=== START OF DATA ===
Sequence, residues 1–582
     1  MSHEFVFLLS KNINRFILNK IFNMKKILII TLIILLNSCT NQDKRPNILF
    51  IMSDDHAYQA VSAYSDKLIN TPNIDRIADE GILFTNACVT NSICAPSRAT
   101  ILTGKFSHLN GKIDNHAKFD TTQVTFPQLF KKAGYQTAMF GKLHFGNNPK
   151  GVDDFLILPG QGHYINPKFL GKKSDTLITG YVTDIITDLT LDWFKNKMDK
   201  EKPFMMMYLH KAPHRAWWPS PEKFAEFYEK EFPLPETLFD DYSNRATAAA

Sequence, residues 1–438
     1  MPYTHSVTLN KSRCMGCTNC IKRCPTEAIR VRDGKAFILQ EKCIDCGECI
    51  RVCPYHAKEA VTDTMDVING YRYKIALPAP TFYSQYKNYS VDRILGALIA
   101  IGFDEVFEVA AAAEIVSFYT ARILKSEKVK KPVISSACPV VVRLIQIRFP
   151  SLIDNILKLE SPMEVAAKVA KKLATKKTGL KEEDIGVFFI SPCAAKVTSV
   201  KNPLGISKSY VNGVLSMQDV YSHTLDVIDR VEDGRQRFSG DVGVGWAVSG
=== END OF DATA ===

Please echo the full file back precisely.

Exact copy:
Sequence, residues 1–582
     1  MSHEFVFLLS KNINRFILNK IFNMKKILII TLIILLNSCT NQDKRPNILF
    51  IMSDDHAYQA VSAYSDKLIN TPNIDRIADE GILFTNACVT NSICAPSRAT
   101  ILTGKFSHLN GKIDNHAKFD TTQVTFPQLF KKAGYQTAMF GKLHFGNNPK
   151  GVDDFLILPG QGHYINPKFL GKKSDTLITG YVTDIITDLT LDWFKNKMDK
   201  EKPFMMMYLH KAPHRAWWPS PEKFAEFYEK EFPLPETLFD DYSNRATAAA

Sequence, residues 1–438
     1  MPYTHSVTLN KSRCMGCTNC IKRCPTEAIR VRDGKAFILQ EKCIDCGECI
    51  RVCPYHAKEA VTDTMDVING YRYKIALPAP TFYSQYKNYS VDRILGALIA
   101  IGFDEVFEVA AAAEIVSFYT ARILKSEKVK KPVISSACPV VVRLIQIRFP
   151  SLIDNILKLE SPMEVAAKVA KKLATKKTGL KEEDIGVFFI SPCAAKVTSV
   201  KNPLGISKSY VNGVLSMQDV YSHTLDVIDR VEDGRQRFSG DVGVGWAVSG